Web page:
When the CEO makes you a coffee and asks the intern what they think of a new project proposal, the company is probably horizontal. Common in new startups, the culture is collaborative, flexes with the market, feedback, and employee suggestions, everyone mucks in and gets their hands dirty, and the customer is king and queen.
5. Adhocracy culture
An authentic adhocracy culture is one that is sufficiently agile to adapt rapidly to change. Adhocracies encourage individual initiative, empower employees to get on with the job, and allow flexibility. Leadership is less clearly defined than the other organisational cultures, which can lead to both chaos and creativity.
6. Clan culture
This is a company with a friendly, family atmosphere where employees have similar interests and are heavily involved in the business. Often a feature of small companies and startups, there are fewer management levels, high employee engagement, and an emphasis on teamwork and collaboration. The C-suites are less monsters, and more mentors.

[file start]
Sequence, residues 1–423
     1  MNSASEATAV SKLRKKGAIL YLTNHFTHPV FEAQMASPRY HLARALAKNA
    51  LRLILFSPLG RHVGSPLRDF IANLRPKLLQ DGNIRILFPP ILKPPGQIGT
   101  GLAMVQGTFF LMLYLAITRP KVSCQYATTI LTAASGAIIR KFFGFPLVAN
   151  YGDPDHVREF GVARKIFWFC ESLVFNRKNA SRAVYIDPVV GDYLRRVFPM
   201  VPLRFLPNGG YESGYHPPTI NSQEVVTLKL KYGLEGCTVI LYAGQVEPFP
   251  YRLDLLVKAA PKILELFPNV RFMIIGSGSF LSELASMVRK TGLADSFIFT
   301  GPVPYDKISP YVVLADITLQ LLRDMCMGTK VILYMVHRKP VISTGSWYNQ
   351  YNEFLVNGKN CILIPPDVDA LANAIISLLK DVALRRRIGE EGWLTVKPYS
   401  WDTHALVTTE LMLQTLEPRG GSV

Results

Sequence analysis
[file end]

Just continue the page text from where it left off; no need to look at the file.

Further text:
7. Toxic culture (unfortunately)
A toxic organisational culture is the main reason employees quit, and turnover is one of the biggest drains on a company. When employees are terrified of making a mistake, people’s roles and responsibilities are unclear and confusing, workers feel they are disrespected, and there’s bias and inequality, these are red flags of toxic company culture. Other signs are:
How to build and sustain a great company culture
Your C-suite and HR play important roles in shaping your company’s culture. If you’re not sure what your culture is, or think you need some help reshaping outdated norms, company values and behaviours, here are some things to think about:
Introduce and demonstrate your core values